An occasional snag to having millions of fans hang on your every word is that when you say something ill-advised people tend to notice. It's an occupational hazard, and none more so than in these social media-driven times. One minute you're showering the world with visionary insights, the next the world is showering you with ridicule.
Is that reaction justified? Let's have a look at 10 potential clangers...
1. Elvis (in a letter to Nixon, 1970): "I believe that you, Sir, were one of the Top Ten Outstanding Men of America."
Elvis jotted down this postscript in a six-page letter that he wrote for Nixon aboard a flight taking him to see the president. The King's glowing tribute may have been influenced by the fact that he was desperate to acquire a police badge from the president to complete his collection (though, according to Elvis's long-term aide Jerry Schilling, his respect for Tricky Dicky was real enough.)
The bizarre encounter was documented in the film Nixon Elvis, released earlier this year. Elvis's reaction when the disgraced Nixon became the only US president in history to resign is, alas, undocumented.
2. Johnny Borrell (2004): "Compared to the Razorlight album, Dylan is making the chips, I'm drinking the champagne."
Such hubris was bound to backfire on lippy rocker Johnny Borrell. Fast forward eight years and his debut album, following the stumble and fall of Razorlight, sold 594 copies in its first week. Which is approximately the amount of Grammys Bob Dylan has won. Borrell is no doubt aware that Dylan has just been awarded the Nobel Prize for literature. Who's drinking the champagne now?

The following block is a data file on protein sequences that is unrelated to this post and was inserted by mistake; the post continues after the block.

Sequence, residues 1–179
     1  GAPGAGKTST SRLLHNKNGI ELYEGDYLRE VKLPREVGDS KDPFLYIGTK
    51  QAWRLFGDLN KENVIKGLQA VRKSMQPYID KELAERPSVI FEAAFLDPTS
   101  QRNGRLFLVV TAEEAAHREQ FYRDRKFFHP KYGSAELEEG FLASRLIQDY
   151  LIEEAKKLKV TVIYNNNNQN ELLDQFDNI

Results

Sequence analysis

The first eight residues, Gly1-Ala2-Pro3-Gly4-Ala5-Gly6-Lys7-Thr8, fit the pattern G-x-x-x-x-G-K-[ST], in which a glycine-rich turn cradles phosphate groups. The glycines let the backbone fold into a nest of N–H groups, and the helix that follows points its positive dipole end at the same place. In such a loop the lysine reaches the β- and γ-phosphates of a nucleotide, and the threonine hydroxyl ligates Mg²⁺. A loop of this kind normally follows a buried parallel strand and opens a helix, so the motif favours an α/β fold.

3. Noel Gallagher (2005): "Jack White has just done a song for Coca-Cola. End of. He ceases to be in the club."
"Club" spokesman Noel Gallagher no doubt rued that statement when he decided to permit a famous retailer to use an Aurora cover of an Oasis song, Half the World Away, for their Christmas TV advert in 2013.
Speaking in 2015 he certainly seemed contrite, saying: "It will forever be synonymous with Christmas from now on and, as is well known, it's not my favourite time of year," before adding: "At least it comes with a cheque, which, believe me, is highly worthwhile."